by B. Rosie Lerner Amaryllis is a popular holiday gift plant, but it may have the lucky recipient wondering about its proper care. Amaryllis is a tender bulb that won’t survive outdoors even in the mildest of Indiana winters. But it can be grown indoors to provide a dramatic show of color during dreary winter… Continue reading.
Many houseplants thrive during the long, bright summer days, especially when properly moved outdoors. But these plants may have some trouble adjusting back to indoor conditions when colder weather strikes. Common indoor plants often are native to the tropical or subtropical climates and cannot tolerate cold temperatures. Houseplants should be brought back inside before the… Continue reading.
By B. Rosie Lerner Flowering plants that don’t bloom as promised can be a big disappointment in your garden. Reasons for lack of blooming are as diverse as the palette of plants from which to choose, but a little detective work can usually pinpoint the trouble. The most common factors associated with blooming, or lack… Continue reading.
By Rosie Lerner Now’s a good time to survey your landscape and decide what needs pruning following potential freeze injury late this winter, keeping in mind that not all plants need to be trimmed. Pruning generally stimulates new buds to develop and break dormancy, so this year we recommended delaying pruning to reduce freeze injury…. Continue reading.
By Rosie Lerner It’s not unusual for Indiana weather to have trouble deciding what season it is. Recent warm spells have had many gardeners wondering what to do about bulbs, and perhaps a few plants that are poking their foliage through the soil. Just what should gardeners do about daffodils, dianthus and daylilies poking out… Continue reading.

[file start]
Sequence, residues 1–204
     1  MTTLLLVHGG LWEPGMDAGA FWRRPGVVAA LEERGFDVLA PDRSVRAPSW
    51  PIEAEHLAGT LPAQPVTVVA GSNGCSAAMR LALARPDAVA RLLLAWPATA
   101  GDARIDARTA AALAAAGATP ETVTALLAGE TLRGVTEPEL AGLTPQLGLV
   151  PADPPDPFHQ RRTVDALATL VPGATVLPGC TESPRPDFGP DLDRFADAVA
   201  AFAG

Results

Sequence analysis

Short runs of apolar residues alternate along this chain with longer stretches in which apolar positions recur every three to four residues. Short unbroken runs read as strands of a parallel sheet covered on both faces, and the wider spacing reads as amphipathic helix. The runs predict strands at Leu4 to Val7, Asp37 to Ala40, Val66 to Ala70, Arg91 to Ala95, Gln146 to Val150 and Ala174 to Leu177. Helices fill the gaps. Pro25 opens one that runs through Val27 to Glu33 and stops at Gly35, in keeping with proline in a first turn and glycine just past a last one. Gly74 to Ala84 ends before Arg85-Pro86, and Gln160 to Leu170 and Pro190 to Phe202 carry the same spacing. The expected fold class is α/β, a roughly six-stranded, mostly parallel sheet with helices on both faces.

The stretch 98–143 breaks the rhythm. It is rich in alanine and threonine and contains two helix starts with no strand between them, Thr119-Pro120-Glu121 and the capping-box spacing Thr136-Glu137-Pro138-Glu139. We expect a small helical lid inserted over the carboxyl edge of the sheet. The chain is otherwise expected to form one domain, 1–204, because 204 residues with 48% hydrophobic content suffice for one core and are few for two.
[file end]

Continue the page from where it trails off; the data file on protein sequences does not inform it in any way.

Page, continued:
By Rosie Lerner The Perennial Plant Association has named butterfly milkweed (Asclepias tuberosa), as its 2017 Perennial Plant of the Year. With much focus on pollinator habitat these days, butterfly milkweed is a terrific selection. Butterfly milkweed flowers play host to a wide range of butterflies, and milkweed foliage is the food source for monarch… Continue reading.
By Rosie Lerner Holiday dinners filled with the fragrance of sage-dusted turkey and dressing may be an American tradition, so it may surprise you to know that the sage plant, Salvia officinalis, is native to the Mediterranean. Sage is actually a diverse group of herbs belonging to the genus Salvia, many species of which are… Continue reading.
November has arrived, and winter temperatures will be here soon. That means it’s time to put away your summer outdoor power equipment — such as lawn mowers and string trimmers — and take out the equipment you will need this winter — such as snow throwers and generators. The Outdoor Power Equipment Institute offers the… Continue reading.
By B. Rosie Lerner It seems that pumpkins often mature much earlier than we would like, and this year may be one of those times. Although the season got off to a slow start, the second half of summer was extremely warm and may have brought the pumpkins on in a hurry. And unfortunately, the… Continue reading.
‘Endless Summer’ never even arrived I know you’ve addressed the ever-frustrating and puzzling hydrangeas that refuse to bloom, but I’m reaching out as a final attempt to solve the mystery of my disappointing non-bloomers. I’ve done everything I can think of, including fertilizing, researching optimum soil and light conditions, careful pruning of only old blooms… Continue reading.
By B. Rosie Lerner Hydrangeas are popular, but understandably confusing! There are about 25 species, though only five are primarily grown in the U.S. There are literally thousands of cultivars. Some species are classified as either mophead (all large, sterile florets) or lacecap (fertile, center florets surrounded by larger, sterile florets), depending on cultivar. The… Continue reading.
By B. Rosie Lerner Most gardeners have heard the advice “leaves of three, let it be” — referring to the pest plant poison ivy. While not quite as catchy, the saying really should be “leaflets of three, let it be.” Poison ivy leaves are compound rather than simple — a single leaf is divided into… Continue reading.